How to measure your culture

There’s no one easy way to measure the health of your company culture, but there are indicators that you can collect and quantify like retention rates, absenteeism, and how much sick leave employees use each year.

Customer satisfaction scores can also tell you a lot about your employees. If there’s a problem with customer support scores, find out why – it could be that employees don’t have ownership over how to help their customers which is stressful and unsatisfying.

If you don’t already, regularly schedule employee surveys. Companies can utilize employee engagement software to collect anonymous feedback on their experiences. Include questions about accountability culture like:

  • How easy is it for employees to collaborate with other teams?
  • What is the process for delivering criticism and feedback?
  • When something goes wrong, who takes responsibility, if anyone?

Monthly one-on-ones with every employee can get ahead of issues before they become more serious. For more ad-hoc feedback, consider setting up anonymous suggestions boxes for employees to share ideas about how to improve work/life balance, wellness programs, and management practices.

Make use of exit interviews. People want to help their company do better, even if they’re on their way out. This is an opportunity to collect candid feedback about management, compensation, and more.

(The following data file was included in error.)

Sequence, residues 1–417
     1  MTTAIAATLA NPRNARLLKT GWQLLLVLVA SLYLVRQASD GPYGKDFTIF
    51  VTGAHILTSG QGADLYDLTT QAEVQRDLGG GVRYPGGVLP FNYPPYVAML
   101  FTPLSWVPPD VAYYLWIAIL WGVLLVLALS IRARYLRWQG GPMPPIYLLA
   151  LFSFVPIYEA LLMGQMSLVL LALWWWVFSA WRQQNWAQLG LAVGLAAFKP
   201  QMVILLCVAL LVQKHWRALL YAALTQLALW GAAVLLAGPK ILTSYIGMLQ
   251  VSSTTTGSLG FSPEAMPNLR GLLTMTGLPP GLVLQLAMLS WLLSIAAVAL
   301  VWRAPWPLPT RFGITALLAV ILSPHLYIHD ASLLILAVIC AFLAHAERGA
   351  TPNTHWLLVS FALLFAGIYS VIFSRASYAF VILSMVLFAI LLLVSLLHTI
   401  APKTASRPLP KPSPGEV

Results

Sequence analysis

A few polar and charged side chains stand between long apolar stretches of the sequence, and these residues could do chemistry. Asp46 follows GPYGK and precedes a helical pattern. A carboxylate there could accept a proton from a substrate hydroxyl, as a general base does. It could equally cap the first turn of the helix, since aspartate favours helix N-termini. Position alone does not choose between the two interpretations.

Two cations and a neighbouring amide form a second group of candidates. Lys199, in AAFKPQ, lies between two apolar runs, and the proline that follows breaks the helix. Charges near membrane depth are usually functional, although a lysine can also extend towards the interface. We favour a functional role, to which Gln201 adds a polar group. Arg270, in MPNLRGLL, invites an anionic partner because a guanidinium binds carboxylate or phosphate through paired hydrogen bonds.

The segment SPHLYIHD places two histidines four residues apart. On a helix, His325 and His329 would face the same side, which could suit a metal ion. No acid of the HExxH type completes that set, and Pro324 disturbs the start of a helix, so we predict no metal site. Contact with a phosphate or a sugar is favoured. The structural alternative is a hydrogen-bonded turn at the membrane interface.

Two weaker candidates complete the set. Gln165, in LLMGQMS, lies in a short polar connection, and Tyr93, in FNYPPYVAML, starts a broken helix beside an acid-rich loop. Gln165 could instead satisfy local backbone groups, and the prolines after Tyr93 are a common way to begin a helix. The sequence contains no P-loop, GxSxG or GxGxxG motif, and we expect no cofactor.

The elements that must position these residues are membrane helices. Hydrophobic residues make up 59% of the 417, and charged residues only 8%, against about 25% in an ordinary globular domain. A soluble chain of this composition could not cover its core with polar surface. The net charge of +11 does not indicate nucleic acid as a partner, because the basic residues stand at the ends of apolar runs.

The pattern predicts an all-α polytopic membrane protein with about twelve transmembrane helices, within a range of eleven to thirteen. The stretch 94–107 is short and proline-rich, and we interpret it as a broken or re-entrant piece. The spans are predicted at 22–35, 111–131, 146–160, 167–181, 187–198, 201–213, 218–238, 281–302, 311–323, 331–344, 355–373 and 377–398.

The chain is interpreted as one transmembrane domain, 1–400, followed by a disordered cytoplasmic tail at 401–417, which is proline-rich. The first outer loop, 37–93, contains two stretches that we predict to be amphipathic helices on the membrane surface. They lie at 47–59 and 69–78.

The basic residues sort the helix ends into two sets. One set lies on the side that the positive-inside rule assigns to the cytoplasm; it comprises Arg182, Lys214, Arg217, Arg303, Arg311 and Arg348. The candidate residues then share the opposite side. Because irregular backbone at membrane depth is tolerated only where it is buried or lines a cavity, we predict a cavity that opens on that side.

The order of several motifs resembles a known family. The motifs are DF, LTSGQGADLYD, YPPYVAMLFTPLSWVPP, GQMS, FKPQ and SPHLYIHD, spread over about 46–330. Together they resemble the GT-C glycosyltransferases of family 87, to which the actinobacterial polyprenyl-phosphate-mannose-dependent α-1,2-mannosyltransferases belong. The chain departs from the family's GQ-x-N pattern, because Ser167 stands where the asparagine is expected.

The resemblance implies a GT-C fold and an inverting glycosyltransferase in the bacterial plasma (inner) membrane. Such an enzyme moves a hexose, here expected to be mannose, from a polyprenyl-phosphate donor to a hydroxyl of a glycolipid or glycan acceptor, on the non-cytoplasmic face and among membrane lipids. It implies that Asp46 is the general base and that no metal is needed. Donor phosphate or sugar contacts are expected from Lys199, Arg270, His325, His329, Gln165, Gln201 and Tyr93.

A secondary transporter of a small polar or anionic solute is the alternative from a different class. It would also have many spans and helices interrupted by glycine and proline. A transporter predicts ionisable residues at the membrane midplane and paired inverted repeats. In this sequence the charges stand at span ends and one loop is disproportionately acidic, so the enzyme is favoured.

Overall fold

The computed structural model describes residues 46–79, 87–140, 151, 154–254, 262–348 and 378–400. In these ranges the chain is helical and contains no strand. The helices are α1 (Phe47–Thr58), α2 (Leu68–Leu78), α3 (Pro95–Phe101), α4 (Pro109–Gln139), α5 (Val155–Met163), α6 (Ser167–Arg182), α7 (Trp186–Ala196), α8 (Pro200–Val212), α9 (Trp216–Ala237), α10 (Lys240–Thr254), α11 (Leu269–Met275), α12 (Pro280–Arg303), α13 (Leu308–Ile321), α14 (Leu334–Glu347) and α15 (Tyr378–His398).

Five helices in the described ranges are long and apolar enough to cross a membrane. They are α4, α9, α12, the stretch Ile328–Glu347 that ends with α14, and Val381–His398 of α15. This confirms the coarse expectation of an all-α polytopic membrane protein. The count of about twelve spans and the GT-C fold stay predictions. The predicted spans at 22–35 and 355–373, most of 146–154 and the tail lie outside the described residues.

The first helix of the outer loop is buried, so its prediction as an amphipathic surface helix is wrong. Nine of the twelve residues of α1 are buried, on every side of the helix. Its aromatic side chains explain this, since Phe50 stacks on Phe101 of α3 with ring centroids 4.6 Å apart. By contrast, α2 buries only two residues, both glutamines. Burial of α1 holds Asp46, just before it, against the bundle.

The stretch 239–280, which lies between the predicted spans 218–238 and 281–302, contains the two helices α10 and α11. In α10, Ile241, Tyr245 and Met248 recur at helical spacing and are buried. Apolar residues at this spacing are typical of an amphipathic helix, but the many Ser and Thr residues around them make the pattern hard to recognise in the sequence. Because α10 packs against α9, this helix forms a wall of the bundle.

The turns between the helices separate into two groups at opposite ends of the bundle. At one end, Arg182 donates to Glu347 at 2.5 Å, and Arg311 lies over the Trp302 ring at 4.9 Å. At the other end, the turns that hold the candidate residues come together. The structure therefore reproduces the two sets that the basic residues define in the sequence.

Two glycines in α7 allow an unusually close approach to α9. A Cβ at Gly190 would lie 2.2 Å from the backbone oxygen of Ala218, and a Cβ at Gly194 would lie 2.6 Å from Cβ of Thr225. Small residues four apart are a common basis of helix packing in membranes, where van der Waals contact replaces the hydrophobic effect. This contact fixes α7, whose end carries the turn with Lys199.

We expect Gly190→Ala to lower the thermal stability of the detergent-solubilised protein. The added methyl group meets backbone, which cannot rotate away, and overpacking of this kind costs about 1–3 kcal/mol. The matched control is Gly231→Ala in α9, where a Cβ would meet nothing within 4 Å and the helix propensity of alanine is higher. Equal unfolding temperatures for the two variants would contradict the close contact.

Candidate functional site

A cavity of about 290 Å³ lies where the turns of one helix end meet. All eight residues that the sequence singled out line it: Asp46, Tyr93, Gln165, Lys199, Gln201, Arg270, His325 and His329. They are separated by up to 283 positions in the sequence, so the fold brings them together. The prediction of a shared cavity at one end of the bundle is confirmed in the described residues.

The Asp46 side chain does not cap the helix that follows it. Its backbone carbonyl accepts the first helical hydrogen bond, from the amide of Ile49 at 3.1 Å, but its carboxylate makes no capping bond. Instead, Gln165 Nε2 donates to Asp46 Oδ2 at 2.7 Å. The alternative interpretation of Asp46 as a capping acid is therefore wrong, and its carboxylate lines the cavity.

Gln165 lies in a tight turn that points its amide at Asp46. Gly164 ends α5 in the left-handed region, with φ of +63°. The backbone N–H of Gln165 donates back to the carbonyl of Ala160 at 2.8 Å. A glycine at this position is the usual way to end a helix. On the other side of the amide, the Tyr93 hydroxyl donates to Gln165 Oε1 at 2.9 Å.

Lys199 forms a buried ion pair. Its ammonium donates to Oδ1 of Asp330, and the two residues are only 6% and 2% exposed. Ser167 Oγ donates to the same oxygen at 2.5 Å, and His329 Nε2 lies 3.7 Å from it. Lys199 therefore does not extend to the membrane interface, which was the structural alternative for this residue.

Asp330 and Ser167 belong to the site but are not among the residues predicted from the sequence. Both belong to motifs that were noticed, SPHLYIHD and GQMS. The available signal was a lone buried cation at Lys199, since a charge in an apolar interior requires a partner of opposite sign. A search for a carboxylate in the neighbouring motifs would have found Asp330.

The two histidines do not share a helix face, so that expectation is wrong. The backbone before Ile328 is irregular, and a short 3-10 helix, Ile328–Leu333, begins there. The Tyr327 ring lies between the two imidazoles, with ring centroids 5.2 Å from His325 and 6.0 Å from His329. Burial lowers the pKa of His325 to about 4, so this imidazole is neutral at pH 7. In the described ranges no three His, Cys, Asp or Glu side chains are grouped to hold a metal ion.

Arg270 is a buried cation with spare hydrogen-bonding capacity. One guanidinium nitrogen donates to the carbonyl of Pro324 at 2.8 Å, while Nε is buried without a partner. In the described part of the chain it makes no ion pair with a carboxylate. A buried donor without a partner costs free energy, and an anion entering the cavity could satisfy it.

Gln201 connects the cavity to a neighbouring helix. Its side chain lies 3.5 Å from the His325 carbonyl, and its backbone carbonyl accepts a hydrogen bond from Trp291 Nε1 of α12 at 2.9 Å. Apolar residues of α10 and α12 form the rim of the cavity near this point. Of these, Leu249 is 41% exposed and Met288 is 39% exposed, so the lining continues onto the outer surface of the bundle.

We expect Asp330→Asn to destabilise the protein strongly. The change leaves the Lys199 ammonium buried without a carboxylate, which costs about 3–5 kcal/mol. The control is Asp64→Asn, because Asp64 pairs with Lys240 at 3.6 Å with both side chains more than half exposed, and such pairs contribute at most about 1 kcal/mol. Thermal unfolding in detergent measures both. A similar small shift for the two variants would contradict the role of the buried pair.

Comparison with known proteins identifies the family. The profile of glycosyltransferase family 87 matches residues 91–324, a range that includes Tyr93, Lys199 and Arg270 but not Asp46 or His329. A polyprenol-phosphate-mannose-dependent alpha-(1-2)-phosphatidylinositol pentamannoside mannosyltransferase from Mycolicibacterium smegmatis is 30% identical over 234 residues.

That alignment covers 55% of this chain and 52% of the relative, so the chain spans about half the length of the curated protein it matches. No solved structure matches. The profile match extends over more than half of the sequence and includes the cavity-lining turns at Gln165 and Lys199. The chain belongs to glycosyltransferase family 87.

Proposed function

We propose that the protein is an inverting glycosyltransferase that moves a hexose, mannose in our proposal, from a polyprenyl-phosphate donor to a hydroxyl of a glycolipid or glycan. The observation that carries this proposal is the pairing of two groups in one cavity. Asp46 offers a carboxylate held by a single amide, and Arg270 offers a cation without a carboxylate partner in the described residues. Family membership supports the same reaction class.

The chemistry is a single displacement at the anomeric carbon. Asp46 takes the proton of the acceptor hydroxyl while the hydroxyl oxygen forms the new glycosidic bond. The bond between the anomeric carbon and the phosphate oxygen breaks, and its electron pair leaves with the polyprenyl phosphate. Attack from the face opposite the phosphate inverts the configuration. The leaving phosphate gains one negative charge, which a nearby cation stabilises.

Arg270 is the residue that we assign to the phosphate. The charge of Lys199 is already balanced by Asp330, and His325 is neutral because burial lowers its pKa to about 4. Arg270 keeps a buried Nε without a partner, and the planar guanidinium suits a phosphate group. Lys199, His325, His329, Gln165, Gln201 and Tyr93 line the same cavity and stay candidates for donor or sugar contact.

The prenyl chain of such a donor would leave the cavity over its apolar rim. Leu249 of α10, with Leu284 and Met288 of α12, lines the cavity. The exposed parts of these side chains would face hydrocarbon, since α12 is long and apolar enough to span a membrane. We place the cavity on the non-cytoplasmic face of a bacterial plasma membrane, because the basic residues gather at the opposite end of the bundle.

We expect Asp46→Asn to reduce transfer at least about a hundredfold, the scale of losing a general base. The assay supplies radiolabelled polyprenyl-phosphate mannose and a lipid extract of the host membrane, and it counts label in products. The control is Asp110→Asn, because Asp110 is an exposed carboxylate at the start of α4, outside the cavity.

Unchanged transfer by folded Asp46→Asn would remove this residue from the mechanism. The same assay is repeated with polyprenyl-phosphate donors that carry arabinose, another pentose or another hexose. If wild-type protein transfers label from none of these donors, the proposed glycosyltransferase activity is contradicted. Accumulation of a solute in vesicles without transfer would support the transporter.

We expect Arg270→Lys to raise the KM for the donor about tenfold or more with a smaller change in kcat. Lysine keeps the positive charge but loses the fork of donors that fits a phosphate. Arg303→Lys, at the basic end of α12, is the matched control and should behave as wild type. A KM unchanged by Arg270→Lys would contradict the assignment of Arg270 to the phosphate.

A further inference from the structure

How to create a culture of positivity

Building a positive culture is not a one person job, it’s a conscious effort for everyone to live by core values from the top down. If you think that your company is too small or too new to worry about culture, think again. Establishing what your company stands for early on can guide all of your initiatives.

Establish your mission statement, vision statement, and core values.

Every successful business has a dream they’re trying to achieve. For some, it could be creating ground-breaking products that change the way we live our lives. For others, it could be solving some of humanity’s biggest problems. There are three components to flesh out to clarify how your company impacts the world. They also serve as the foundation for how your employees and leaders behave every day.

Every successful business has a dream they’re trying to achieve. For some, it could be creating ground-breaking products that change the way we live our lives. For others, it could be solving some of humanity’s biggest problems. There are three components to flesh out to clarify how your company impacts the world. They also serve as the foundation for how your employees and leaders behave every day.

  1. Mission statement 

What your company is trying to accomplish in the world. Your mission guides employees towards achieving something greater than themselves.

  • TED: Spread ideas.
  • Patagonia: Build the best product, cause no unnecessary harm, use business to inspire and implement solutions to the environmental crisis.
  • Starbucks: To inspire and nurture the human spirit – one person, one cup, and one neighborhood at a time.
  1. Vision statement 

What your company wants to accomplish over the next 10 or 20 years. This helps employees think past today and plan for tomorrow.

  • The Alzheimer’s Association: A world without Alzheimer’s and all other dementia.
  • Tesla: To accelerate the world’s transition to sustainable energy.